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John Roche
CONTRIBUTOR

Goethe lamented that “two souls, alas, do dwell within this breast; the one is ever parting from the other.”  We’ve probably all observed this inner conflict in ourselves and others: maybe we’ve been in a relationship where our lover’s affection was suddenly replaced by cold distance and abandonment; maybe we’ve bounced back and forth between an exhausting drive to achieve and a crippling lack of motivation; or maybe we’ve watched helplessly while a person we knew to be loving and gentle destroyed themselves and the people around them with rage or addiction.

A big part of my job as a therapist is to help people understand these confusing and sometimes overwhelming inner realities. How is it possible for a single person to house so many conflicting patterns of thinking, feeling, and behaving? From the beginning, therapists have sought to answer that question by mapping out the multiplicity of the psyche. And despite their different languages, therapists have tended to agree that the psyche is not unified, but comprised of many different parts.

One way to understand the different parts of the psyche is Richard Schwartz’s Internal Family Systems Therapy, which I’ve found to be the most useful in helping people to map out and understand their inner landscapes. In IFS language, the psyche is made up of three different categories of parts: exiles, managers, and firefighters. Parts in each of these categories are essentially subpersonalities with their own distinct—and extreme—ways of thinking, feeling, and behaving. In addition to these parts, however, there is also the Self, which is the unconditioned essence within everyone. The Self is characterized by clarity and compassion.

Exiles are the aspects of the psyche that have been frozen in the past through trauma or oppressive family or cultural constraints. They contain overwhelming terror, loneliness, sadness, emptiness, and feelings of worthlessness. Have you ever found yourself suddenly feeling like a scared or lonely child? That probably means an exile had taken over.  These child-like aspects of the psyche want nothing more than to be seen, accepted, and loved, and they’ll do anything to make that happen. Unfortunately, that often means seeking out a saviour or redeemer, placing unrealistic expectations and hopes on that person and even enduring abuse at that person’s hands if it means continuing to receive their “love.”

To protect the person against the overwhelming emotion, neediness and dangerous decisions of the exiles, the psyche develops two kinds of protector parts. The first, known as managers, are the aspects of the psyche that prevent the exiles from being triggered by controlling our inner and outer worlds. They tend to be harsh taskmasters, and, despite their protective function, often cause serious problems. Self-criticism, anxiety, overachievement, body image issues and even depression all serve the managerial function of keeping exiles locked away. Body image issues or overachievement, for example, operate according to the logic that “If I am successful or beautiful enough, then I will never feel small and helpless.” Depression and panic symptoms can also serve managerial functions by preventing a person from taking risks that might lead to failure and thus activate an exile.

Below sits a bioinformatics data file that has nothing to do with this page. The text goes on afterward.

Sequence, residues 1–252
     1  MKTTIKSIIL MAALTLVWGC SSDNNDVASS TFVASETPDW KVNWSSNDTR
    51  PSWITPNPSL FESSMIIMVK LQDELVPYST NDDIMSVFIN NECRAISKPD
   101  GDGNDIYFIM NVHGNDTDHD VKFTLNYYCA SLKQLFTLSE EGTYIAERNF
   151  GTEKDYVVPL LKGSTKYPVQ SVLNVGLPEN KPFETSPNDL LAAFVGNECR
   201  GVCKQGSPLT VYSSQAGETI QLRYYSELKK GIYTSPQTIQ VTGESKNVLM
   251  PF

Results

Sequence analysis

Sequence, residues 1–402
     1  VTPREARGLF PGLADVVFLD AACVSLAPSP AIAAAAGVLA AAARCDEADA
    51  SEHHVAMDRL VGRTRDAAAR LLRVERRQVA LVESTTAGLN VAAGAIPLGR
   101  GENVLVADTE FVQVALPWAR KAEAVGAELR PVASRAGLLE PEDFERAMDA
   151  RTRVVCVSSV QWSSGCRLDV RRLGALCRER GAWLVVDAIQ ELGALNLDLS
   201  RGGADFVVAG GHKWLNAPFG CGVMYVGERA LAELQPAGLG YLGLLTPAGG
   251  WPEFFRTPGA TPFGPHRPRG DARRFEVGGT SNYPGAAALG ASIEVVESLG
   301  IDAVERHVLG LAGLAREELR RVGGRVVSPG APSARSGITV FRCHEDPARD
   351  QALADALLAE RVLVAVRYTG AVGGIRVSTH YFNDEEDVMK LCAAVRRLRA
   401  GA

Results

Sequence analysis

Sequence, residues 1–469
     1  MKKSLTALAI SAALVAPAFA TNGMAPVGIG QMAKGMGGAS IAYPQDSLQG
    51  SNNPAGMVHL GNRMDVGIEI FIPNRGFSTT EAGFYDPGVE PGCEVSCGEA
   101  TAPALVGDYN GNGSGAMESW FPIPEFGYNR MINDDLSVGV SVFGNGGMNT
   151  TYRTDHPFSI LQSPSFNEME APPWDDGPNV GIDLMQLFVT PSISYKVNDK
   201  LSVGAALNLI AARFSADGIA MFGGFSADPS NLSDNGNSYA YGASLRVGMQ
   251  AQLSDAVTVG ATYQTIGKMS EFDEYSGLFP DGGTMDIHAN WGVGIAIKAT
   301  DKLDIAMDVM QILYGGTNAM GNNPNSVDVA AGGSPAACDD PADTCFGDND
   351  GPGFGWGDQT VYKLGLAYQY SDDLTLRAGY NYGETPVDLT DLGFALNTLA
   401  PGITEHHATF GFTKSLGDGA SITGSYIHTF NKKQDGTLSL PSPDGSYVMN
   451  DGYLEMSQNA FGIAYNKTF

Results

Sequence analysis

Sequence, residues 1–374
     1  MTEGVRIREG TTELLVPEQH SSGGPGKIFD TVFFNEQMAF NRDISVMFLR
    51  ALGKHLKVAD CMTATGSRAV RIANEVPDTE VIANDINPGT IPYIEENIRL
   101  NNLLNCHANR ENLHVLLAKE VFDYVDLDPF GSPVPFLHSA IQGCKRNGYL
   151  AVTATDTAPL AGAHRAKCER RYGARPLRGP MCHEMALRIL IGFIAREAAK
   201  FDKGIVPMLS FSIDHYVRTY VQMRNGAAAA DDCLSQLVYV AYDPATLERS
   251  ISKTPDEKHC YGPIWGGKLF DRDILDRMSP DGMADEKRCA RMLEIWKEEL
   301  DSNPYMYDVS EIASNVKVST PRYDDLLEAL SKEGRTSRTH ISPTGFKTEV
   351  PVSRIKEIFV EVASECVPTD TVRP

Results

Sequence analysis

Occasionally, however, the managers fail in their duty to prevent the activation of the exiles, mostly because sometimes shit happens.  A failure, loss, break-up or even a seemingly innocuous comment from a stranger can activate an exile and the overwhelming feeling it contains.

Enter firefighters.  Where the managers are controlled and calculating, firefighters are reckless and impulsive, doing anything they must to put out the flames of overwhelming emotion.  Firefighter activity can take the form of binge eating, excessive drug or alcohol use, sexual promiscuity, self-harming and even suicide.  Needless to say, firefighter activity is often quite destructive, and it tends to lead to profound feelings of shame.

Last but not least, there is the Self.  The Self is not so much a part as it is a person’s inmost essence.  Where the parts are identifiable by their extreme character, the Self is identifiable by its curiosity, compassion, confidence, clarity, and connectedness.  All people, no matter how battered or lost they may seem, have a Self; just as the sun doesn’t disappear on a cloudy day, so the Self can only be obscured, never eliminated, by the extreme activity of its parts.

At its worst, therapy (and spirituality) strengthens managers at the expense of exiles, firefighters and Self.  At its best, however, therapy (and spirituality) heals, harmonizes and releases the parts from their extreme roles, while simultaneously developing a person’s capacity to live from the Self.

As it turns out, that kind of transformation is the key to the joy, freedom, and peace we’re all so desperately seeking.

John is a therapist who practices in Waterloo.

PHOTO COURTESY Creative Commons